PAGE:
Ed Hunter (352) 392-1773 x 278
GAINESVILLE, Fla. — A University of Florida reptile specialist will display a rare Chinese alligator at a Daytona Beach exposition Saturday and Sunday, Aug. 18-19.
Perran Ross, who heads UF’s Crocodile Specialist Group, said the small Chinese alligator is virtually extinct in the wild. About 130 of the reptiles are living in small ponds near farms and villages in China, he said.
“In the region designated by China as an alligator reserve, the alligators are forced to coexist with intensive agriculture and villages,” said Ross, who is spearheading an effort to raise funds for the endangered creature’s protection. “The area where the alligators live is only 40 hectares — about the size of two football fields.”
Franklin Percival, an alligator specialist with UF’s Institute of Food and Agricultural Sciences, said conditions in China will not allow the species to survive without additional conservation action.
“Generally, small populations restricted to undersized habitats are vulnerable to a host of potentially decimatin factors such as genetic or disease problems,” said Percival, an associate professor of wildlife conservation and ecology. “This may be the first crocodilian species to become extinct in the course of human history unless urgent action is taken.”
Crocodilians include crocodiles as well as Chinese and American alligators, the only two species of alligators, Percival said.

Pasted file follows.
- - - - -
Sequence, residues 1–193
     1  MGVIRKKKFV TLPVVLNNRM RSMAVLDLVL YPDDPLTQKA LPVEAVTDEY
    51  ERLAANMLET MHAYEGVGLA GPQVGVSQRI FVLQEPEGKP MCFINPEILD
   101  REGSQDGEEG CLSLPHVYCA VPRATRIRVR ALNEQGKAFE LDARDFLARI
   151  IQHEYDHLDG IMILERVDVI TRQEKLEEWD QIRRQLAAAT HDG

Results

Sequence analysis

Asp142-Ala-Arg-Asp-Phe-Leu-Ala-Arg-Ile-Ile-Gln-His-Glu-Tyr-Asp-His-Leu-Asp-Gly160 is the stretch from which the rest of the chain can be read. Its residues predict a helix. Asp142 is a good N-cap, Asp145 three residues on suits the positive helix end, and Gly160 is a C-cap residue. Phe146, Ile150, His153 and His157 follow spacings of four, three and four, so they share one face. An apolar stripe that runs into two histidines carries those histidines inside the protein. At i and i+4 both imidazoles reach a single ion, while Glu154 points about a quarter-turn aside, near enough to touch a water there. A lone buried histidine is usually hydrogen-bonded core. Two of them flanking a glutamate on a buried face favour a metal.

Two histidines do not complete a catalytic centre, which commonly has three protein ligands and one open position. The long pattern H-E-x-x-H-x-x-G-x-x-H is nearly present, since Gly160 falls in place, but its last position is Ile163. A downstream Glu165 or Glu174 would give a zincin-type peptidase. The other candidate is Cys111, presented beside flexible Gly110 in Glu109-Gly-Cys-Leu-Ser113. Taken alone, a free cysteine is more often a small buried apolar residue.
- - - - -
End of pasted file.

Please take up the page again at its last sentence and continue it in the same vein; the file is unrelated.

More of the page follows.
When China opened up to the west in the late 1980s, researchers became aware of the severe plight of the Chinese alligator. To help China with its conservation efforts, Ross established the Chinese Alligator Fund.
Ross said the fund quickly grew to about $10,000, mostly in small contributions from schools and volunteer groups affiliated with zoos. The fund is supporting a workshop in China at the end of August, he said.
In addition to displaying the rare ‘gator, Ross said the fund will auction off about $5,000 in donated items to support conservation efforts.
While China is currently reaping most of the benefits of U.S. expertise in alligator conservation, UF researchers said both countries will eventually benefit from the association.
“The Chinese have made advancements in alligator breeding techniques and there is certainly potential for useful technical exchange in this area,” Ross said. “The two countries also should be able to share research on the co- existence of people and alligators and the development of sustainable systems to preserve alligator habitats.”
The National Reptile Breeders Expo will be held at the Ocean Convention Center in Daytona Beach.
On the Web: Chinese Alligator Fund: http://www.flmnh.ufl.edu/alligatorfund/ Crocodile Specialist Group: http://www.flmnh.ufl.edu/natsci/herpetology/crocs.htm